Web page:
Chad: What happens when they leave the museum? What happens when they move on to a different position entirely?
Jason: Exit Interview is our new podcast to capture the wisdom of former museum professionals as they move on to other challenges. What do they wish they’d known when they started? What projects are they most proud of? What are the torches they want their successors to pick up? What can other professions learn from museums? And what are they up to and excited about now?
Chad: People come to the museum field and work in it and journey out of it in wildly circuitous ways, and we want to tell their stories. We hope you’ll join us.
Jason: Find out more at ExitInterview.me or on Twitter @ExitInterviewMe
Suse: This is pretty amazing to think that you are having this whole discussion, this whole podcast coming up, all about people leaving the sector. I think it really taps into something that we’re seeing more and more in the sector, which is not just people leaving, and I think it’s a particular problem that I’m aware of in the technology space, although I’m sure it’s happening right around the sector, but also people being willing and in fact quite publicly talking about what it means to leave.
There was a recent post about the idea of “quit lit”, of people really being public about how and why they’re leaving. It feels like Exit Interview plays into this same idea.
Jason: Exactly. We wanted to try to be a more silly and jovial HR department and try to capture some of the knowledge of people who are leaving the profession, but we wanted to do so in a lighthearted way and not be all doom and gloom.
Chad: I think it’s important to think about not just leaving the sector as something that’s sad or a loss, but in many cases, it should be celebrated. This is an opportunity as we see it for those that are interested to be able to look back and to think about their time in museums and maybe throw some ideas to those that are still in the sector.
Suse: One of the things that I think is really lovely, you’re talking about people’s circuitous routes in and around the museum sector and out of the sector. When I first came to the museum sector, one of the things that really intrigued me was that very few people, at least in the technology space, seemed to have a straight way into museums.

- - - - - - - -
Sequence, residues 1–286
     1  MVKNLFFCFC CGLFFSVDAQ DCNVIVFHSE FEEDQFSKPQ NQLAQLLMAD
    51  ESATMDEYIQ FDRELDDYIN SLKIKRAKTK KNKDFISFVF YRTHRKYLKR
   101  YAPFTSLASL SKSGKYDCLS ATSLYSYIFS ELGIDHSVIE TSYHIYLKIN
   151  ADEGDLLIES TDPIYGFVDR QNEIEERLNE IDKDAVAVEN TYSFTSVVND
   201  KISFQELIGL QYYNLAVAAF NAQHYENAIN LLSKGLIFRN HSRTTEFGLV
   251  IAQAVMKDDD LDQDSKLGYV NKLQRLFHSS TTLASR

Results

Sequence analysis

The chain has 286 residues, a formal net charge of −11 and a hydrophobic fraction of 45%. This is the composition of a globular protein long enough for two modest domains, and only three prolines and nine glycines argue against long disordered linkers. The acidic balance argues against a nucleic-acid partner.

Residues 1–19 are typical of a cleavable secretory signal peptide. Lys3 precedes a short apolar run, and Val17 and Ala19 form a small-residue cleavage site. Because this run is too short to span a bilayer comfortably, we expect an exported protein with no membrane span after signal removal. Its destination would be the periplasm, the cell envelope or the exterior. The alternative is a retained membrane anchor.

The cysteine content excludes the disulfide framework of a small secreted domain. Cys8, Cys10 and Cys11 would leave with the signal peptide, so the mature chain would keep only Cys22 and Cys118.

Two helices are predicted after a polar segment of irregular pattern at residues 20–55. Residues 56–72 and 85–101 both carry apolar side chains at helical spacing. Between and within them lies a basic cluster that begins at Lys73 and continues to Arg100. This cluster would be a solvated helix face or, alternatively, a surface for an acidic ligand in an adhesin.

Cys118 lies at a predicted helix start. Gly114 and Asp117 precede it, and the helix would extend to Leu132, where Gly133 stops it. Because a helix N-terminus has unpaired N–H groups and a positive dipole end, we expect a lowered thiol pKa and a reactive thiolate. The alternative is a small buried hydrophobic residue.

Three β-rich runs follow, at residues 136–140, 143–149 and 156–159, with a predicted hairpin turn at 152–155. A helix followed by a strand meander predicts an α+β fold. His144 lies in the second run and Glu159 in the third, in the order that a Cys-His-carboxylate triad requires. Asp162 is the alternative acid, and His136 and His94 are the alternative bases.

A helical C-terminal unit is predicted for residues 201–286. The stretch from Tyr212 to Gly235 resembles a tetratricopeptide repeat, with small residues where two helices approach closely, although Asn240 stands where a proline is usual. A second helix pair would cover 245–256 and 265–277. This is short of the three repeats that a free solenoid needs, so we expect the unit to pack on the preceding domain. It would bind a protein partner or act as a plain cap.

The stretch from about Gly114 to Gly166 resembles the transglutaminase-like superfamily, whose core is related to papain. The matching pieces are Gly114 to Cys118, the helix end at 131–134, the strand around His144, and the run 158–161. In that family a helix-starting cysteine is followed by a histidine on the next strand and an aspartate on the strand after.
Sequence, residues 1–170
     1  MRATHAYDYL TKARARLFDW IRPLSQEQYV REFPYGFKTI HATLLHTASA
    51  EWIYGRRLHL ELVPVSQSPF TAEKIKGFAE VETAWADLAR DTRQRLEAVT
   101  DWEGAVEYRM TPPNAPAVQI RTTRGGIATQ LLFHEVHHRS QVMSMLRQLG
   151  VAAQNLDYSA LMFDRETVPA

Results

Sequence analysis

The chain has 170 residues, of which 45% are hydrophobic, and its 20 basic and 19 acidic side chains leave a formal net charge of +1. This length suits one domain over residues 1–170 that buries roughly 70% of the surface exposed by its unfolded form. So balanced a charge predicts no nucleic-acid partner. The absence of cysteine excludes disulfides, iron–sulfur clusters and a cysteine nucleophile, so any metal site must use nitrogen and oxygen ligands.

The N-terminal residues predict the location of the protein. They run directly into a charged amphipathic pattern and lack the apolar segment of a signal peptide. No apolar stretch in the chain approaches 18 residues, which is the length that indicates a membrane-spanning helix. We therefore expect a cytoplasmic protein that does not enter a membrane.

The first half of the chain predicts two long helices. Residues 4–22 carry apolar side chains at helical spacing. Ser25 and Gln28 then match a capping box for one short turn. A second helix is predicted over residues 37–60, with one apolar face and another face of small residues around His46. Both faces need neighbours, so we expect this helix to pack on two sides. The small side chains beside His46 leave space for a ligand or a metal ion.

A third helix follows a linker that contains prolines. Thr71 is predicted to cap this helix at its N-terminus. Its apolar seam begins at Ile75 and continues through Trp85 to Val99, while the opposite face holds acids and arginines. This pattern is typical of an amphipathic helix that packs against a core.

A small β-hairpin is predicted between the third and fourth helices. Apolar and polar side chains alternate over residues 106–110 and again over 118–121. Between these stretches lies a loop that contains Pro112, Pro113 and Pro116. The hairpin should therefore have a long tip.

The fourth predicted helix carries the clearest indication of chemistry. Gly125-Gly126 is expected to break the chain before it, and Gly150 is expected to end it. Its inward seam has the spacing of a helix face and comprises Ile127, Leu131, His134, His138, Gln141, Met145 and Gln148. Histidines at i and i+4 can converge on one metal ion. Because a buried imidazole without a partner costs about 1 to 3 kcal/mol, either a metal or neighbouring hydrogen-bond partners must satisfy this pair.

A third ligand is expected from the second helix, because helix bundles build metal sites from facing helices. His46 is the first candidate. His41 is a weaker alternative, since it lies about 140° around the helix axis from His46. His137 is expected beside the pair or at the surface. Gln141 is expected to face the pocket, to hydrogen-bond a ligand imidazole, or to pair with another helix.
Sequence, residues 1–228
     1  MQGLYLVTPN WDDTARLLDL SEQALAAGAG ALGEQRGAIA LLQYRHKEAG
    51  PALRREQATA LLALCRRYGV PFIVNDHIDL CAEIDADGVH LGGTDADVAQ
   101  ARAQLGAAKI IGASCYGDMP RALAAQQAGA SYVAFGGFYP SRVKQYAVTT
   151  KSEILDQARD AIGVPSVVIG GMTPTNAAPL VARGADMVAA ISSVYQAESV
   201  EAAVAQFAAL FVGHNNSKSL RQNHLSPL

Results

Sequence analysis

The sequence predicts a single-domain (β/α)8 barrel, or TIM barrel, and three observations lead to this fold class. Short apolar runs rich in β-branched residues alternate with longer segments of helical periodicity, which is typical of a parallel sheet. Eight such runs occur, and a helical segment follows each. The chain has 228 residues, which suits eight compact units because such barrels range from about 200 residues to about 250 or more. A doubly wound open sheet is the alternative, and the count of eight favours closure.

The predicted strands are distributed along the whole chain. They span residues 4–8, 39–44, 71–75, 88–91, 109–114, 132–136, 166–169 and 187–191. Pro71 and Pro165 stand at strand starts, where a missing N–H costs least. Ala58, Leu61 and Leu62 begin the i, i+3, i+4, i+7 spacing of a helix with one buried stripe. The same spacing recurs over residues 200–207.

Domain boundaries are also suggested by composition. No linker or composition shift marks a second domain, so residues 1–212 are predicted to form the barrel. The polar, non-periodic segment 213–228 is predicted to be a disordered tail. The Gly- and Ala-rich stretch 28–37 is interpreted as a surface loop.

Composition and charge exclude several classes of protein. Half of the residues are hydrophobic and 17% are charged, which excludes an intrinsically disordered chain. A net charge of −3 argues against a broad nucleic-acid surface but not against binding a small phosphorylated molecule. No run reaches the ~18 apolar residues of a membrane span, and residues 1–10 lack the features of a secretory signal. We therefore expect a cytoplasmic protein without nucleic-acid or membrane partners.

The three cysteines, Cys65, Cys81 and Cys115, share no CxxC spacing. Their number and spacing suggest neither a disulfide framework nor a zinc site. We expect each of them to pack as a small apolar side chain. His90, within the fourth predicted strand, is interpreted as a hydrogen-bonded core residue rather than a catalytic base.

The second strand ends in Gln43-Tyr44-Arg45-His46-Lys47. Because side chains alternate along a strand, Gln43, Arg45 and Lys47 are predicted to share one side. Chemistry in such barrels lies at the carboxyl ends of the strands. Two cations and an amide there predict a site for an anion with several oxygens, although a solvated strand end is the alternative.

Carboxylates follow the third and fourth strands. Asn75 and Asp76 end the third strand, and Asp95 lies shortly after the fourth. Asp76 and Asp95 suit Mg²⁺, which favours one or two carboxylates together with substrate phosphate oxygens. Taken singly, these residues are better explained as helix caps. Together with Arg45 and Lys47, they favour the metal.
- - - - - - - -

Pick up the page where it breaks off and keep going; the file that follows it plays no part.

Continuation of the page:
I think it’s different when we’re talking about an area like collections management, where there are some pretty defined paths as to how people get there, but technology is not that space. How did you each end up in the museum world?
Chad: Goodness, I got into the museum world through art history, of all things. I remember in grad school I was in art history school and doing technology stuff on the side, some web development back when Flash was a thing. Remember that? That was something I was interested in. I never quite knew which would be a hobby and which might be a job.
When museums started getting interested in technology and museum technology became a thing, it was kind of the best of both worlds for me. I really got my start through the curatorial door. Started doing digital things and moved more in that direction.
Suse: I think from every project I’ve ever seen that you’ve worked on, I feel that you retain that curatorial sense, which is also a really lovely eye to be bringing with you into that space.
Chad: Right, it’s something I’m super passionate about. I think knowing the content and building things that work along with that content, even when we’re talking about interfaces, even when we’re talking about visitor experience, to build something that matches that is where the magic is.
Suse: Jason, we were talking the other day off-air about your somewhat interesting, I think, journey to museums. Can you share a little bit about how you ended up here?
Jason: I won’t get into too many of the details, but this is probably the third or fourth profession that I’m on. I started out in the military for several years and then worked at an educational software company making games for preschoolers, and then worked into consultancies making enterprise software for big corporations, Fortune 500 companies. It was at the end of probably three or four years at a consultancy in San Diego that I went to museum camp at the Museum of Art and History in Santa Cruz, Nina Simon’s museum.